Sandra and Kim's story
Sandra and Kim always wanted to have children of their own, but believed that because they were in a same sex relationship, this was not possible. However, after attending a Brent Information event, the couple decided on fostering with the possibility of adopting once they gained more experience.
Here Kim talks about their experience with Brent Placements.
We are a same sex couple and have been together for the past 11 years. I have been a Primary school teacher for the past 14 years and my partner has worked in Childcare for 17 years.
After relocating to Brent, we began looking into fostering and adoption. Following an information event, we decided to look into fostering first as, although we felt we had the capabilities to make good, solid, loving parents, neither of us had been mothers before (apart from my partner's care of young family members).
We underwent a very rigorous assessment procedure which, although necessarily intrusive, was handled with complete professionalism and sensitivity by our wonderful social worker (assigned to us).
After completing a fostering course and passing panel (which really isn't too daunting!) we awaited our first foster child.
In March 2014, a little, 3 month old, bundle of joy joined our household. Despite the early morning wake ups, it was a complete pleasure to look after this little man for the next 4 months. Whilst we provided him with security and comforts, he gave us so much more: the giggles, hugs and smiles of a child are invaluable.
During his stay with us, we also cared for a 7 month old girl on a 2 weeks respite placement. It’s so funny to watch babies interact and play.
After our first child's departure to his aunt's, we were blessed with another baby boy to take care of.
Whilst fostering means that children inevitably move on, the whole experience has been a blessing. Sharing our home with children has only enhanced the fun and love in our household. Whilst my partner has abundant experience of working with babies and toddlers, my experience lay with older children and, so, fostering has taught me a lot. Initially nervous to even change a nappy, I now feel proficient in mothering practicalities and my current foster son and I have great fun times!
Fostering as an experience where you help the little people of our world in their first metaphorical footsteps and we feel fortunate to share part of their lives, fostering is a priceless experience. This experience has prepared the way for our next step as we are also approved adopters and are now looking forward to sharing our lives with our forever child.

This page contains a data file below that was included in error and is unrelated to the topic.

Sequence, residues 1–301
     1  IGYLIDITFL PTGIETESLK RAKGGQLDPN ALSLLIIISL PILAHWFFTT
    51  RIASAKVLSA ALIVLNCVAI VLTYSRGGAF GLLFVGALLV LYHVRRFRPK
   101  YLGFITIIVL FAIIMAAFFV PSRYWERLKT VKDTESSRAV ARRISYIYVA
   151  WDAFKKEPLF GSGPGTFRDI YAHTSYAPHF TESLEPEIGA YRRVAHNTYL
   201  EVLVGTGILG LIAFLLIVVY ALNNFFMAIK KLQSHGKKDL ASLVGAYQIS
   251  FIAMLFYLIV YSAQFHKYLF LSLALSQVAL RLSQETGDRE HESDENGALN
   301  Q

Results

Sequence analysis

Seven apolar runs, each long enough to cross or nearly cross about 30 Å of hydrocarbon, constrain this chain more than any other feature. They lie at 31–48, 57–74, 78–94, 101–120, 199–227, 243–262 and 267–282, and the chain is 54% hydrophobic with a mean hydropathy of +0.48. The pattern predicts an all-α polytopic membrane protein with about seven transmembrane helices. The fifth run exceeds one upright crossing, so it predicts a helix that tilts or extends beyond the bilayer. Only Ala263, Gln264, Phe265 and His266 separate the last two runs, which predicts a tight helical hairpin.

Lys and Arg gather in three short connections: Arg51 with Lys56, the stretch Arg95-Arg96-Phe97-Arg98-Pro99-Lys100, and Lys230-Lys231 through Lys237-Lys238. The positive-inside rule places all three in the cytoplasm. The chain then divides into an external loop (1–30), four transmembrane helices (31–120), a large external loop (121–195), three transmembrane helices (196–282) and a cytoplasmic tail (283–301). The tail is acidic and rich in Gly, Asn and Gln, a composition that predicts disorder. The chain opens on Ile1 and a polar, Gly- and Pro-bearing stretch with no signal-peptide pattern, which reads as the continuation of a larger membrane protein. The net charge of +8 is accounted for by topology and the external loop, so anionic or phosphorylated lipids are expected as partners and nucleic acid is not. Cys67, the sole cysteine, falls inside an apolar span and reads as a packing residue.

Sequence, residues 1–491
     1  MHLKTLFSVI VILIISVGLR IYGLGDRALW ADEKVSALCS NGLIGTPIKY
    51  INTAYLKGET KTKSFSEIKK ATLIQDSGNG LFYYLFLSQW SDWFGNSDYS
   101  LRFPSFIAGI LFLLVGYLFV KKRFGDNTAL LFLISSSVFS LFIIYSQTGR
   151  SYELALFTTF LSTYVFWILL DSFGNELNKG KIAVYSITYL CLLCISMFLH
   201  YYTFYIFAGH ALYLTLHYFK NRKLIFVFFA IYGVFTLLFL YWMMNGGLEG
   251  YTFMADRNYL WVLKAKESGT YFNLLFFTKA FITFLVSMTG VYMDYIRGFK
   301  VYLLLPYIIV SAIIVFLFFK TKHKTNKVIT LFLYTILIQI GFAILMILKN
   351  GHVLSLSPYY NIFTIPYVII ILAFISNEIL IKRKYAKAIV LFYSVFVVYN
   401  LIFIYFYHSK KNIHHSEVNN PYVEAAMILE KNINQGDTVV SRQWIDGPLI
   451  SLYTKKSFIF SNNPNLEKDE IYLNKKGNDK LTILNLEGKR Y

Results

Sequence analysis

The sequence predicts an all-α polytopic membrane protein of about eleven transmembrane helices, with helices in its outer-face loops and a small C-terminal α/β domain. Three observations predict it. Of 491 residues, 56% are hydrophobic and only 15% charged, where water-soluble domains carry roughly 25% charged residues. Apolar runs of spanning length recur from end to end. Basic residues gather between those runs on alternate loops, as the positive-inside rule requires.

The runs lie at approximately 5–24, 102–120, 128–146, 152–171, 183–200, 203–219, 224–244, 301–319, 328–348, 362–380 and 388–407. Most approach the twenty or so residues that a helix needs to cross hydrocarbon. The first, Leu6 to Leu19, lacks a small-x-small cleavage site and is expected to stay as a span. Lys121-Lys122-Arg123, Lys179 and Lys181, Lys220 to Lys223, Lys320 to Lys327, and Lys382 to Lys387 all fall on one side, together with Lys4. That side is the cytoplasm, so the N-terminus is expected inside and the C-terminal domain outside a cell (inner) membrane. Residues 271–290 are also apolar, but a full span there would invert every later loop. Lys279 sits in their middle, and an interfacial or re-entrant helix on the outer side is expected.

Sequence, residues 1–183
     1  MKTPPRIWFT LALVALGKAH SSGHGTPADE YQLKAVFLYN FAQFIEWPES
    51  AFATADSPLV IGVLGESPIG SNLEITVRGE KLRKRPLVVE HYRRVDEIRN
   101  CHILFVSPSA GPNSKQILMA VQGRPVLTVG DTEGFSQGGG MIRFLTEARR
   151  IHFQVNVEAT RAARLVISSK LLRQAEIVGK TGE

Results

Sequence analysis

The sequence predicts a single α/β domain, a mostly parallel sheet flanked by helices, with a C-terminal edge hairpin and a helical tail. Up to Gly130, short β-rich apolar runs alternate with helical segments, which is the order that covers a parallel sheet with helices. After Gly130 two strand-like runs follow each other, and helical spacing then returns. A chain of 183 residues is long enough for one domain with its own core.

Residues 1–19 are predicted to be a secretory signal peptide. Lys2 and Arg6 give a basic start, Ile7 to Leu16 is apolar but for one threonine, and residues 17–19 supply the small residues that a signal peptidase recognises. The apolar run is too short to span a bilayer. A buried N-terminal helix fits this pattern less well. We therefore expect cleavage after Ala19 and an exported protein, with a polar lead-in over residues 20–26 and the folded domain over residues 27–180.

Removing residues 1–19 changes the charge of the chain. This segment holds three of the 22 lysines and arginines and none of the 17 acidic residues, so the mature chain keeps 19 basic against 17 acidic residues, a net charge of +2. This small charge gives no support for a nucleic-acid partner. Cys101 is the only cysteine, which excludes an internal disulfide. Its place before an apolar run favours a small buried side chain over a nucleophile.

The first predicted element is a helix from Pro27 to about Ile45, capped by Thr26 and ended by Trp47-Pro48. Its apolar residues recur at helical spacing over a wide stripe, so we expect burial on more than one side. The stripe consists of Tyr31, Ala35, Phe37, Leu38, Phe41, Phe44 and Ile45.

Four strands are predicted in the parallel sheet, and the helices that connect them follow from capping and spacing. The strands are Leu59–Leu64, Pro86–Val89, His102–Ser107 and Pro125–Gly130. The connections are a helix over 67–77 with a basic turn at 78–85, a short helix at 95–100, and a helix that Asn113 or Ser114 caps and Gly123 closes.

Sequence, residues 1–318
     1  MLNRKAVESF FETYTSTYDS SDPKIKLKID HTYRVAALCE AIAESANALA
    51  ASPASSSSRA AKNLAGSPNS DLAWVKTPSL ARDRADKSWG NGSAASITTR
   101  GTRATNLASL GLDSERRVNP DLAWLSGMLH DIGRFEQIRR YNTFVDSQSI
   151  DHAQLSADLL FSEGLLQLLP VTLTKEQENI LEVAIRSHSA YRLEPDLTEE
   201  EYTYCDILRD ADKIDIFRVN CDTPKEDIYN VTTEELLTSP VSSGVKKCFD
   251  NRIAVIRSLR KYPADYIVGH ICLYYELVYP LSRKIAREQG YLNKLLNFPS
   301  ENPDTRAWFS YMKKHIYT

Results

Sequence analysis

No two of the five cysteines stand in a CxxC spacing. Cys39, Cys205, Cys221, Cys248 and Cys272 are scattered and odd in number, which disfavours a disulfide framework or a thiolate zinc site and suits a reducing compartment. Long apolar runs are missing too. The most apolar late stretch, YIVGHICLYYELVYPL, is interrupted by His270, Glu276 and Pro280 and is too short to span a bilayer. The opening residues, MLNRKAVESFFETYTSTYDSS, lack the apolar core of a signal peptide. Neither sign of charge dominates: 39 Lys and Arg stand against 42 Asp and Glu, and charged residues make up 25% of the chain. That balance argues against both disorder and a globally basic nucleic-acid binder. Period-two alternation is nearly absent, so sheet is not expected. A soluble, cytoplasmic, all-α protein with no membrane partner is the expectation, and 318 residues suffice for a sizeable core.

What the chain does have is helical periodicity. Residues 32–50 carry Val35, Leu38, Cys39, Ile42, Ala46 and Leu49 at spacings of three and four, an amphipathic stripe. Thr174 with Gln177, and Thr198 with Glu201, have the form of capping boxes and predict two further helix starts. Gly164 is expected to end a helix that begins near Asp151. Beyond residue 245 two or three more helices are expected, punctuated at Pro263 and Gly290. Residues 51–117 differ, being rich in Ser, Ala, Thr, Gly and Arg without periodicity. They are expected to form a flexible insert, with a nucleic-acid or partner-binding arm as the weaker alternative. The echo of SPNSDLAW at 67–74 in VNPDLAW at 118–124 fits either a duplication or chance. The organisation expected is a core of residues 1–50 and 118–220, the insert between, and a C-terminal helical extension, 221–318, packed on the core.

Robert was approved as a foster carer by a Local Authority in 2011. He lives in London.
Why did you choose to become a foster carer?
My path into fostering was fuelled by two things; my love of working with children and desire to have a family as well as from working professionally with some amazing foster carers in my work and being inspired by the impact that their involvement made on the children.
How did you find the process?
Very thorough but as I had expected. I was a bit frustrated by some of the processes and time schedules to get things going but once I had been assigned a social worker it quickly got started and I actually found it very revealing and it helped me to work out my own incentives. There were times when it was quite intense and raised some sensitive subjects but I think that it was really important to helping my understand my own potential barriers and sensitivities!
How is life now, with your children?
Great! I love it. I’ve got two children at the moment, one aged 7 who has been with me for 14 months and one who is 11 and who arrived 3 days ago on an emergency placement. They are great and I love having them at home. At times it can be tricky with the logistics of doing school runs and arrangements for contact with parents but it all works out in the end! I have a good network of support with another foster carer who lives locally and Southwark has been great at supporting me as a single carer when I need to juggle work commitments with child care arrangements.
What advice would you give to someone considering fostering?
Think carefully about what kind of support you need and ask questions during the initial process around what support you think you may need in terms of respite, holiday schemes, emergency back up, staying at friends/ families homes, general advice and emotional support.
Positive reinforcement and consistency are very much the keys to success when working with these children with clear routines and a calm safe home environment.
For me I see my time with the children as an intervention and as such them moving on is inevitable and an important part of the process.
Julie and Liz's story
Julie and Liz were approved as adopters by their local authority in 2012 and now have a 20 month old little girl. They live in London.
Why did you choose to adopt?
It made sense to us as it seemed to be the most natural way for us to start a family considering how many children in the care system need homes.
How did you find the process?
Great at the beginning. Our time from enquiry to approval was short and our social worker was very experienced and positive about us being a lesbian couple. Matching was the hardest part but it was worth the wait.
How is life now, with your daughter?
Fantastic. We have been a family of three for just two weeks and our life will never be the same again. We love the giggles, the cuddles, the laughter, and watching her develop and gain in confidence even in this short time has been fabulous to witness.
What advice would you give to someone considering adoption?
Talk to as many people as you can. Read lots of books (Dan Hughes is very good) and spend as much time as you can with other people’s children. Then go for it! It’s one of the best decisions we have ever made!